It’s hard to find some good news about the drought. But there is a drop or two.
• The latest U.S. Climate Prediction Center outlook says the odds favor above-average precipitation for August through October through much of the Dakotas. I don’t know if it will be enough to break the drought. “Above average” could be a mere pittance. The late summer and early fall can sometimes be pretty dry anyway. We need Black Elk, the legendary Oglala Lakota leader, to return. He said, “You see, I had been riding with the storm clouds, and had come to earth as rain, and it was drought that I had killed with the power that the six grandfathers gave me.”
• More people are noticing it’s dry out here. A group in Wisconsin says they are organizing to send hay to the Dakotas. That’s encouraging. Drought is a slow-motion crisis. Most people don’t see the impact until it is way too late to make a meaningful difference. It’s not like the Black Hills blizzard or the Kansas wildfires, which went viral on social media and resulted in a flood of much-appreciated aid.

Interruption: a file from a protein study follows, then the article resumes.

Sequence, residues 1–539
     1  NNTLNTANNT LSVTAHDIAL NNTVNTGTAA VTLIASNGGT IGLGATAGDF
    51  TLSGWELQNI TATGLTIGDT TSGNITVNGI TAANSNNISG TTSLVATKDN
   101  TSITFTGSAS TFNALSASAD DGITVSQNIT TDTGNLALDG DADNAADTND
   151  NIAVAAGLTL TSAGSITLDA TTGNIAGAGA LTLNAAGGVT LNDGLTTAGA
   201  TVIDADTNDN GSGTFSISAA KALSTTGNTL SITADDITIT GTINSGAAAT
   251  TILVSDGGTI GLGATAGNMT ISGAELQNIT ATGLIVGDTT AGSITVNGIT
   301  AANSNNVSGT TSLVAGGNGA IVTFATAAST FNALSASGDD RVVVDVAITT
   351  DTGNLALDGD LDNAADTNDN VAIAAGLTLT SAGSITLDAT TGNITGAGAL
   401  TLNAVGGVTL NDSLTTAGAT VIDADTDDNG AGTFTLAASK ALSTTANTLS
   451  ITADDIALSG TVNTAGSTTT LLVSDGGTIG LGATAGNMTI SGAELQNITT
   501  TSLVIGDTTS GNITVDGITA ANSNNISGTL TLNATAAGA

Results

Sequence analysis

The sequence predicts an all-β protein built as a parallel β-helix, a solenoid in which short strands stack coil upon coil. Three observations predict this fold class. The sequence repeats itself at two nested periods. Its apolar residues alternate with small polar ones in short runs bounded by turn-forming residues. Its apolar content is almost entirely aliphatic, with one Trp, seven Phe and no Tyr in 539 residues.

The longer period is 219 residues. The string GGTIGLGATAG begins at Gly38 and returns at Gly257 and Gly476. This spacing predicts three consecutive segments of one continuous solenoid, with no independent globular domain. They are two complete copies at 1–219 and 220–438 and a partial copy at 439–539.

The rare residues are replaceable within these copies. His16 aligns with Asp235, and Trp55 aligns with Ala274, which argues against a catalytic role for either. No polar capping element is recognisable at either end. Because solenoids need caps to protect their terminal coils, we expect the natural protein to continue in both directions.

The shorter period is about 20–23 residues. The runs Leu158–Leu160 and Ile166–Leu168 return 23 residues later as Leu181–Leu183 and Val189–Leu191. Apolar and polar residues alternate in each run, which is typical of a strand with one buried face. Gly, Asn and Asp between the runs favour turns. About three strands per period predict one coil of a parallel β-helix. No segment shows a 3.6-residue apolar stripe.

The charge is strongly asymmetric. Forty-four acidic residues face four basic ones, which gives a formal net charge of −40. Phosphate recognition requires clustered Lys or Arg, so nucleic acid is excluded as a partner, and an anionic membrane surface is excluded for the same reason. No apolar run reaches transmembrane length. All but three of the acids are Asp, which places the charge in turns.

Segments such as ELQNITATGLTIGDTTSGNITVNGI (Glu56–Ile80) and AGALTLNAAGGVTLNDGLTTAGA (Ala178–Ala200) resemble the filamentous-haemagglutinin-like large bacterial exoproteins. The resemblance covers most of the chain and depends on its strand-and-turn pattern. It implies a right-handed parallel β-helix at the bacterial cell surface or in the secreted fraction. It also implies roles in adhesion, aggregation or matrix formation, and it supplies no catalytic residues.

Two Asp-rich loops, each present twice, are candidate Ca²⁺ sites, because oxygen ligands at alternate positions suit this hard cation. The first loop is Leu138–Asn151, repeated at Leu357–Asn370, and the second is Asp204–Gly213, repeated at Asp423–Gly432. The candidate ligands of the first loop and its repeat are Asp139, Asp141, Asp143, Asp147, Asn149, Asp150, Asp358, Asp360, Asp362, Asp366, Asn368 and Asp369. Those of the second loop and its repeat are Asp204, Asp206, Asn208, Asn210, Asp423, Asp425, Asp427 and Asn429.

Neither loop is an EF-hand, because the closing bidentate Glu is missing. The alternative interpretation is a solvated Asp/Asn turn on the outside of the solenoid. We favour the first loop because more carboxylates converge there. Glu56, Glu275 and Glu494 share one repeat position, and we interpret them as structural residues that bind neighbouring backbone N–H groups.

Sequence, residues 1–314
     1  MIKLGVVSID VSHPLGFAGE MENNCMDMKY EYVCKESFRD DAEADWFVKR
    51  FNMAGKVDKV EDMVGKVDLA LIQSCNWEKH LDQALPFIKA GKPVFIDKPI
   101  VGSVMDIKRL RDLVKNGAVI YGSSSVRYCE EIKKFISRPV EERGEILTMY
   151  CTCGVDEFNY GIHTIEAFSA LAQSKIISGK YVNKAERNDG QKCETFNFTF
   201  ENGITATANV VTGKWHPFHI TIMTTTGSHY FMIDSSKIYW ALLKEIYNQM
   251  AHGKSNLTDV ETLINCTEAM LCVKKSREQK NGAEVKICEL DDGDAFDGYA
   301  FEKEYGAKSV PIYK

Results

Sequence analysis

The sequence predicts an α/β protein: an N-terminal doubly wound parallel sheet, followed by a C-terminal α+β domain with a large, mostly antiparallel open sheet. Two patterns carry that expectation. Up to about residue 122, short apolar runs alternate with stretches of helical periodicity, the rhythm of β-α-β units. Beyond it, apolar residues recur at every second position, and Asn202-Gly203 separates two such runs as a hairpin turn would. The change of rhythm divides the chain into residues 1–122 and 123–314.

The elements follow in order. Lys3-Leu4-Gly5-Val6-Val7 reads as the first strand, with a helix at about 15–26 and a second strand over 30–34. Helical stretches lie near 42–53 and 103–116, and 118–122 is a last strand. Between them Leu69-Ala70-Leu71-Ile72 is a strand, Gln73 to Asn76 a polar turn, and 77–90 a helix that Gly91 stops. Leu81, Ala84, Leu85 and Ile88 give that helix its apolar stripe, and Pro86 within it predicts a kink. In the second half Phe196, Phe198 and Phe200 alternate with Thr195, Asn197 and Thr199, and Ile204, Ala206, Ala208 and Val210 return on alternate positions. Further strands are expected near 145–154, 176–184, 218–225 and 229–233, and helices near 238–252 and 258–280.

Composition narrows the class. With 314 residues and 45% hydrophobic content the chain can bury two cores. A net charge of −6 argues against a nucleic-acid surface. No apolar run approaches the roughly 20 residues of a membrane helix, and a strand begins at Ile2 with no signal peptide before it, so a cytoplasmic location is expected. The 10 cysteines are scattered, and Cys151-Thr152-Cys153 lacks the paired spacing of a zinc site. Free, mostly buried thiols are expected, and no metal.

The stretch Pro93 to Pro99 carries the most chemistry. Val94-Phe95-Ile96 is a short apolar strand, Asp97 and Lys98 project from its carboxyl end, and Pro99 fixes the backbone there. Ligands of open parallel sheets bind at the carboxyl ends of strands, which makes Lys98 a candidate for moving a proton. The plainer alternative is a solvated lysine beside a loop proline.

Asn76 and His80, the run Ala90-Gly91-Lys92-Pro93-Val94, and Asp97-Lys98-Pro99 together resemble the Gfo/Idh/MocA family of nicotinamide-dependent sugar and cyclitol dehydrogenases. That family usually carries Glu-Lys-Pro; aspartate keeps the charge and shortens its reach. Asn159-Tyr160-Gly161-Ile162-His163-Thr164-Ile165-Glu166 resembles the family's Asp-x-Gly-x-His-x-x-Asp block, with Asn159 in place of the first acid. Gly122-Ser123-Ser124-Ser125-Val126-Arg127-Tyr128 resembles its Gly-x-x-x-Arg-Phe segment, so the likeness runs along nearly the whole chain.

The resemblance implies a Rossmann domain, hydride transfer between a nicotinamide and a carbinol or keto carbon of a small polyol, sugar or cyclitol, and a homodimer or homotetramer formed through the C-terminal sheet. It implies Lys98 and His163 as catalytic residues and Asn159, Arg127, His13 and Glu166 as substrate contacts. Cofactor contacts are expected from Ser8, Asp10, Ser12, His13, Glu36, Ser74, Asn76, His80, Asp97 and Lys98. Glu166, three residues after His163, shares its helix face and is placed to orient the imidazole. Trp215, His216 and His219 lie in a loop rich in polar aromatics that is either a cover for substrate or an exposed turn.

• You’re up to this. You can hang on. You will get through it. “No cracked earth, no blistering sun, no burning wind, no grasshoppers are a permanent match for the indomitable spirit of American farmers and stockmen and their wives and children who have carried on through desperate days, and inspire us with their self-reliance, their tenacity and their courage,” said President Franklin Roosevelt, after a visit to South Dakota in the 1930s.
Gov. Dennis Daugaard, who is the source of the quote, says he agrees with President Roosevelt.
“Ultimately, it is the perseverance of South Dakotans that will pull us through. The drive to overcome has been instilled in us by our ancestors, and it is what carried us through droughts in our past.”